Feuding is Older Than Print
; wresting has its own staged feuds
; television (and film) has the Feud Episode
However, faking a feud is a trend that is often used to drum up publicity
- In A Song of Ice and Fire,after gaining power in The Vale, the scheming Littlefinger stops the lords there from moving against him by having haan ally Lyn Corbay pretend to be his enemy and to challenge him to a duel while they were at dinner with other nobles (a breach of Sacred Hospitality). By having Corbay do this, Littlefinger makes it so that it would be dishonorable for any of his actual enemies to challenge him.
- In The King of Attolia, two brothers Sejanus and Dite pretend to hate each other when in actuality, they have a close bond. Both they and their father are enemies of the king, and according to the plan, Sejanus would make actual treasonous plots while pretending to be the king's supporter, and in the meantime, Dite would seem like a harmless critic of the king (and their father would have plausible deniability).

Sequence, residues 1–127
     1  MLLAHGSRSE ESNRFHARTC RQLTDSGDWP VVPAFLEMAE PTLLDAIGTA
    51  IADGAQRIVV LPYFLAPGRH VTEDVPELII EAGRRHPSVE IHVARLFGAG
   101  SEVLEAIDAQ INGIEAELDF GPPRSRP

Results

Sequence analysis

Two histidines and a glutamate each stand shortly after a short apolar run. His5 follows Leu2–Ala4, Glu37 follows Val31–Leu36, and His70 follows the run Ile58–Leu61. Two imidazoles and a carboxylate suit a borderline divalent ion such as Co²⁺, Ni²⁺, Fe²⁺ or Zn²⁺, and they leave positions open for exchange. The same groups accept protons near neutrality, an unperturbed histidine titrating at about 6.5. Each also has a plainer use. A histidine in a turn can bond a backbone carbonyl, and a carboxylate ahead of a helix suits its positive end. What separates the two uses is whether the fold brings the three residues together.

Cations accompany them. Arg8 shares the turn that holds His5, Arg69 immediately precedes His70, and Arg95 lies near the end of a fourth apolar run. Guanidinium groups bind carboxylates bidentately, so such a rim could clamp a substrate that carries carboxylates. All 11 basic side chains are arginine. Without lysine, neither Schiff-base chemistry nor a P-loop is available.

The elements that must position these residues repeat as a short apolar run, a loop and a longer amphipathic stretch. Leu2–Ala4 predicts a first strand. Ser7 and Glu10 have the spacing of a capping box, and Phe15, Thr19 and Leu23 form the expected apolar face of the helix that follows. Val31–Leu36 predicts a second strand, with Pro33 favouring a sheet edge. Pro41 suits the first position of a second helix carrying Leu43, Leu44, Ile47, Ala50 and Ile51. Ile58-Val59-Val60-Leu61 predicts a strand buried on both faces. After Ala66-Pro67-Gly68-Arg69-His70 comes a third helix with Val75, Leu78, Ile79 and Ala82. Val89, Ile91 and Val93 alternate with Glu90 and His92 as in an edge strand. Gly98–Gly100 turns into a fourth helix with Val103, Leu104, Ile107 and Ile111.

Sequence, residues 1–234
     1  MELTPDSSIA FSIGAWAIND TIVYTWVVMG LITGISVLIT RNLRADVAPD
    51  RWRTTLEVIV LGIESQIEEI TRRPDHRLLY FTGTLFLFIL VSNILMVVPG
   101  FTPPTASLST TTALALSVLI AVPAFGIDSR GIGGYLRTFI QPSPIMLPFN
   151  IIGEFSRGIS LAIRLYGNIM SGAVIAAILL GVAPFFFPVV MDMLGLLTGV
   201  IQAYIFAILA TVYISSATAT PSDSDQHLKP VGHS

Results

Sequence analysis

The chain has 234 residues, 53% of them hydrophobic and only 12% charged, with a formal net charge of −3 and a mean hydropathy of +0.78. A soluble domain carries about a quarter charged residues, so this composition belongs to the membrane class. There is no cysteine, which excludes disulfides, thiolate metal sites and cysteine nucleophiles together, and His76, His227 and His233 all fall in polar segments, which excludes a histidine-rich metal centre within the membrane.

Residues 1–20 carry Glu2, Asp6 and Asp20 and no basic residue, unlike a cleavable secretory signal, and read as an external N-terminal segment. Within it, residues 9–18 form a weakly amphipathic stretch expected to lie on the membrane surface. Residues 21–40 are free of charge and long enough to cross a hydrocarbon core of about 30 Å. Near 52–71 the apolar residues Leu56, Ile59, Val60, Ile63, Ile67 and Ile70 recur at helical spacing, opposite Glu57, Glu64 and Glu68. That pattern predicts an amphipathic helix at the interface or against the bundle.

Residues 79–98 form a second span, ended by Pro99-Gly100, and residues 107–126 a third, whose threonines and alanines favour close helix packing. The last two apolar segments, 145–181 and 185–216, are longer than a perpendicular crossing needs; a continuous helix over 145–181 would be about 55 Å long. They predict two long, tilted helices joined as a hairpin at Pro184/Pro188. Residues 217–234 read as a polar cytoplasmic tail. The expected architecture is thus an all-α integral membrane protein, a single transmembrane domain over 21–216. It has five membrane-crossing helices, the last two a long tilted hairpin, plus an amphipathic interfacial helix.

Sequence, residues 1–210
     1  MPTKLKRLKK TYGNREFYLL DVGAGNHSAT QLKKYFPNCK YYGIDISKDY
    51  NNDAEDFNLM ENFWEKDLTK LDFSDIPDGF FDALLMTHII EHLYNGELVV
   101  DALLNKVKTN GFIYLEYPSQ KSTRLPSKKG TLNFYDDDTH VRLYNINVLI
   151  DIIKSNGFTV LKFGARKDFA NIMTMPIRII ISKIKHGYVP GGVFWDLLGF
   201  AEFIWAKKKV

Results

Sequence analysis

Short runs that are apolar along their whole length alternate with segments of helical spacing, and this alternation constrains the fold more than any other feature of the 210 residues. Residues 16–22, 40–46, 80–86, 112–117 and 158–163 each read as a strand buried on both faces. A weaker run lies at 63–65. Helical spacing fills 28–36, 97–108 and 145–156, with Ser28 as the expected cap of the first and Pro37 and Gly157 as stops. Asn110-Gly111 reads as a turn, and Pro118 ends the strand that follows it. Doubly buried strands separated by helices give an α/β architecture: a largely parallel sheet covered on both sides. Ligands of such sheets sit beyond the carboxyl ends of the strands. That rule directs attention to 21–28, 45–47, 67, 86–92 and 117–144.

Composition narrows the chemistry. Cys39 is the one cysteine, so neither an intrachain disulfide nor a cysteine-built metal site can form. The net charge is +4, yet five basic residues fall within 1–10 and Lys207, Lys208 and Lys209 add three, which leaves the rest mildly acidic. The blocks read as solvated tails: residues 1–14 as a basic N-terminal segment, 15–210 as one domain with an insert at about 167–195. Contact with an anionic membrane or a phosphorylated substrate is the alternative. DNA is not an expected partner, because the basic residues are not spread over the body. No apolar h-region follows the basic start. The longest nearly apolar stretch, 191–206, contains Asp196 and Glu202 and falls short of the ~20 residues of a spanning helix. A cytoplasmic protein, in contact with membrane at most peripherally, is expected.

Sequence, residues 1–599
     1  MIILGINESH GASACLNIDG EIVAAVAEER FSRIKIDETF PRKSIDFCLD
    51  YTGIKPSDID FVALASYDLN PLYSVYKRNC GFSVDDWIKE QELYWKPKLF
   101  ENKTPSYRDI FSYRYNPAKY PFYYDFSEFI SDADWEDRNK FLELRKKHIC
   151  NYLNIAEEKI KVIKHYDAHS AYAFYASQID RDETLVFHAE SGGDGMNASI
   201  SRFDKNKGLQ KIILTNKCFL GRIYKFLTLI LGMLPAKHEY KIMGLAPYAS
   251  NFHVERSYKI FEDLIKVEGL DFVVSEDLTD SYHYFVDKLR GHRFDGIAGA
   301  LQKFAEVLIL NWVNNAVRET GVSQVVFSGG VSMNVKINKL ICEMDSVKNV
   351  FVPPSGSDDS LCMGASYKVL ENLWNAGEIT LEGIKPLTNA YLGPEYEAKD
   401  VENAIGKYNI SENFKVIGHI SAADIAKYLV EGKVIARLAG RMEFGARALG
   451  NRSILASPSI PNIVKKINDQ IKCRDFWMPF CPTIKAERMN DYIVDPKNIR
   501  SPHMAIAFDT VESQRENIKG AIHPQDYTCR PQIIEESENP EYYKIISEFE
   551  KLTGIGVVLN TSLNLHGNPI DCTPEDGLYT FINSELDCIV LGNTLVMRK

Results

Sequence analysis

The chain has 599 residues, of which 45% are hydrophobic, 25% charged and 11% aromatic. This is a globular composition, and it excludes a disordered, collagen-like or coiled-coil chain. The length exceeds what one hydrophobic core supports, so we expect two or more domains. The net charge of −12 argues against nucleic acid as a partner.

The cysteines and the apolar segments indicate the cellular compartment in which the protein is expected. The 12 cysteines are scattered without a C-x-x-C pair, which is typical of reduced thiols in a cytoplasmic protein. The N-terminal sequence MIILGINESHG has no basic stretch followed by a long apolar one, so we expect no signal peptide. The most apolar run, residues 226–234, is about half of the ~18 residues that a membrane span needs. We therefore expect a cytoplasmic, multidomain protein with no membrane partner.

- At the beginning of Michael Chabon's novel Gentlemen Of The Road, the two protagonists, who are mercenaries/bandits/rogues con patrons at an inn by pretending to have an argument and stage a faked duel.
- The Body of the Week on the Castle episode "Food to Die For" was a celebrity chef who had previously appeared on a dueling cooks Reality Show. His in-show rival was brought in for questioning since she'd threatened to kill him on-air, but she points out that in "Reality Show", the emphasis is on "show": the series played up their feud for ratings and she didn't really have any reason to want him dead (even second place had gotten her enough name recognition for a successful catering business).
- Star Trek: Voyager has Paris pretending to be a malcontent for several episodes, so he can leave the ship and infiltrate the Kazons.
- In The Fantasticks as well as the original play Les Romanesques, two fathers who are friends pretend to be mortal enemies in order to invoke Star-Crossed Lovers in their children and get them to fall in love.
- On The Boondocks, Ann Coulter and Rev Rollo Goodlove are both pretending to oppose each other on TV, but in reality Ann Coulter is just performing her role.